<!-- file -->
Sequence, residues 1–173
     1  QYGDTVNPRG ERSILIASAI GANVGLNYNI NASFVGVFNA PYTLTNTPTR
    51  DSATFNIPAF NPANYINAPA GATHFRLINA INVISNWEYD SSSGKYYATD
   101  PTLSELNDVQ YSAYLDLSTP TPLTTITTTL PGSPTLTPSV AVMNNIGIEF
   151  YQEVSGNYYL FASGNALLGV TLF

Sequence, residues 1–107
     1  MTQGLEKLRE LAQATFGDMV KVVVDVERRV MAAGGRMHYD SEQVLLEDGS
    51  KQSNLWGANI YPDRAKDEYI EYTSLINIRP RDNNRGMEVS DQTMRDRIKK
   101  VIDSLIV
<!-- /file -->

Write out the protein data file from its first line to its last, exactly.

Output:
Sequence, residues 1–173
     1  QYGDTVNPRG ERSILIASAI GANVGLNYNI NASFVGVFNA PYTLTNTPTR
    51  DSATFNIPAF NPANYINAPA GATHFRLINA INVISNWEYD SSSGKYYATD
   101  PTLSELNDVQ YSAYLDLSTP TPLTTITTTL PGSPTLTPSV AVMNNIGIEF
   151  YQEVSGNYYL FASGNALLGV TLF

Sequence, residues 1–107
     1  MTQGLEKLRE LAQATFGDMV KVVVDVERRV MAAGGRMHYD SEQVLLEDGS
    51  KQSNLWGANI YPDRAKDEYI EYTSLINIRP RDNNRGMEVS DQTMRDRIKK
   101  VIDSLIV